Coast Mountain Bus Co. accelerates asset strategy

Few bus companies embrace remote lifecycle asset management. Then again, Vancouver’s Coast Mountain Bus Company (CMBC) is not a typical bus company: it has more than 1,500 networked desktops spread out across 17 locations.

At first CMBC was a Novell shop running ZenWorks. It then became a Microsoft shop, which meant that Microsoft’s Systems Management Server (SMS) was effectively included in its enterprise agreement.

Wade Sellers, manager of infrastructure services for CMBC, speaking to Network World’s Beth Schultz out of Chicago, said an encounter with lifecycle management vendor matrix42 at a Gartner conference got the ball rolling on a change.

“The matrix42 guy did a couple of demos, a couple WebExes,” Sellers said. “We were intrigued and had to look deeper.”

Coast Mountain had a Vancouver company help with proof-of-concept. Experienced in LANDesk, Altiris, and SMS, the tester was impressed enough by matrix42 to recommend an implementation. Part of the reason was past problems with SMS, as well as demonstrable advantages of Empirum PRO, matrix42’s flagship product, for disaster recovery and automated installs. “SMS is big, clunky, it’s not an easy implementation,” says Sellers, “We had it Empirum Pro up and running in less than a week.”

Jonathan Speigner, director of professional services for matrix42, says the material benefits were immediate. “Operating system deployments went from taking hours or even days to just a few minutes for a new OS template,” he says.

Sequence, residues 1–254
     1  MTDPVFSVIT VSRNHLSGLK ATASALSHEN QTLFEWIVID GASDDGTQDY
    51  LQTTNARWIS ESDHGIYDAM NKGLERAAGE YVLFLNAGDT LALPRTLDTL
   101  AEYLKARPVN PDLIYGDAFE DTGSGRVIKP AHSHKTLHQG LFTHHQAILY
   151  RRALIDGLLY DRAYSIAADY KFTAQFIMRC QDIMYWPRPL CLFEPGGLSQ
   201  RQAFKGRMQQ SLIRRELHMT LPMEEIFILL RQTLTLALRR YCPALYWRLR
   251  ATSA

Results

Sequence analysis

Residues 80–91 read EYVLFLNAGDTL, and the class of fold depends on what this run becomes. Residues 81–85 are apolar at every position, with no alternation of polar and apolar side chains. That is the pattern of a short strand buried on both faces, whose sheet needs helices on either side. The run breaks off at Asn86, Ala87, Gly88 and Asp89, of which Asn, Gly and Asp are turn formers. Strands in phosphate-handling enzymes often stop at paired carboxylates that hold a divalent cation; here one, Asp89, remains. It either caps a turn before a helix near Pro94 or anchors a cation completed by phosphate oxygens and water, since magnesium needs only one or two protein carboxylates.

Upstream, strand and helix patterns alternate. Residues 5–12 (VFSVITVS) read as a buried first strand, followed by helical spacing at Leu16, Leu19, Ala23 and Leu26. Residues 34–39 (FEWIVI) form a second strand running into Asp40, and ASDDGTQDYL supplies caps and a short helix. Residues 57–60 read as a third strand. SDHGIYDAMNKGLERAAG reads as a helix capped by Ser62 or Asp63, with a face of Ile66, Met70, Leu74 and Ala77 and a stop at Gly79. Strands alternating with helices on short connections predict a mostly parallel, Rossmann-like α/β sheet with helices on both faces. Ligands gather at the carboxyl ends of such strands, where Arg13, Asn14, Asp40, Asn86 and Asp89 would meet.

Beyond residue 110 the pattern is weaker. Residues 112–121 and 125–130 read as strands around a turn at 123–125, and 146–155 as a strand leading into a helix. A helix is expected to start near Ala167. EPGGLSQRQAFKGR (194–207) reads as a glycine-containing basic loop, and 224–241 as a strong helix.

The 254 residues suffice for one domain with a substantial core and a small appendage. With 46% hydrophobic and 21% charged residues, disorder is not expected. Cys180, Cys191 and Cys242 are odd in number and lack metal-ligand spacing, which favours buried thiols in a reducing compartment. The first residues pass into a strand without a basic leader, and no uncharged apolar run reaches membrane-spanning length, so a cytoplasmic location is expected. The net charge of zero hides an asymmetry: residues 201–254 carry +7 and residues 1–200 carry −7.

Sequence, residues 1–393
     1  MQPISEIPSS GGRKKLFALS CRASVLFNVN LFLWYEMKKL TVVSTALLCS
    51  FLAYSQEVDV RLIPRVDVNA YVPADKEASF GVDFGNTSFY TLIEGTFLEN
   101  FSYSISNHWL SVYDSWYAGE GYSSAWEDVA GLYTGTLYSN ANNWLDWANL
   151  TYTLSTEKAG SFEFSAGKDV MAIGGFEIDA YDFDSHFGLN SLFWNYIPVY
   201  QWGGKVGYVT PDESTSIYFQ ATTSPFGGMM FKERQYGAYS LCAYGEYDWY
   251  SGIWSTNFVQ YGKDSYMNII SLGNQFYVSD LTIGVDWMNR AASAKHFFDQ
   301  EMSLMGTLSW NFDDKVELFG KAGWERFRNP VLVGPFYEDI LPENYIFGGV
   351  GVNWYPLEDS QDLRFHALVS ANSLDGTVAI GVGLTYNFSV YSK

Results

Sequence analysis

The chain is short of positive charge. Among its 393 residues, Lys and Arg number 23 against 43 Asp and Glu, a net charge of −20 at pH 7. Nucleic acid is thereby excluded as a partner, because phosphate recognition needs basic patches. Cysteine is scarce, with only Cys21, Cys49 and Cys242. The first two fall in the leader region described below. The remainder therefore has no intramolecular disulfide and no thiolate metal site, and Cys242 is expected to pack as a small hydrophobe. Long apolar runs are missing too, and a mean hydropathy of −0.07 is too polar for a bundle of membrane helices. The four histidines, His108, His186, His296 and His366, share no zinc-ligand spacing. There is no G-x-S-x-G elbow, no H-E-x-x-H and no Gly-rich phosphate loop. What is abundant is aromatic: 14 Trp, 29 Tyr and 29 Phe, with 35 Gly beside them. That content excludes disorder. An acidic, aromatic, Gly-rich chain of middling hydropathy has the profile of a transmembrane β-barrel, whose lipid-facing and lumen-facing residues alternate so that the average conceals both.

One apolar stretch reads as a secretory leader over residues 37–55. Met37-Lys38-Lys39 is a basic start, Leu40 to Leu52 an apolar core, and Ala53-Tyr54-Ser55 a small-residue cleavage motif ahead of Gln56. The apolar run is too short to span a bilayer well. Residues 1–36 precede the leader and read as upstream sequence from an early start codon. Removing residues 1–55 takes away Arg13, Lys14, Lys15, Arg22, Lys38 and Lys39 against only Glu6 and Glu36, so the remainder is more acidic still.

“It’s the same thing with software distribution. They can now push out software to new groups of machines, new organizational units, in minutes.”

Coast Mountain can do a native install of an OS and all associated applications, an improvement over imaging. Hardware detection locates the right machine, and licences can be specified per group of OS, with usage tracked, metered and reported on.

Fred Broussard, research manager in the system infrastructure software group at IDC in Framingham, Mass., says that Empirum PRO is different from products offered by larger vendors Computer Associates, BMC, and HP. “Those vendors’ products are designed for huge installs where there are servers supporting 10,000 desktops,” Broussard says.

“Empirum isn’t for small companies, but it’s ideal for companies with around 500 machines and up.”

The advantages afforded by a remote lifecycle management solution only kick in at a certain point. “It wouldn’t be worth it with 10 machines,” says Broussard. “You need to have a basic IT department. If you’re not familiar with domain controllers, Windows server, and TCCP, then you’re not going to be able to install this software.”

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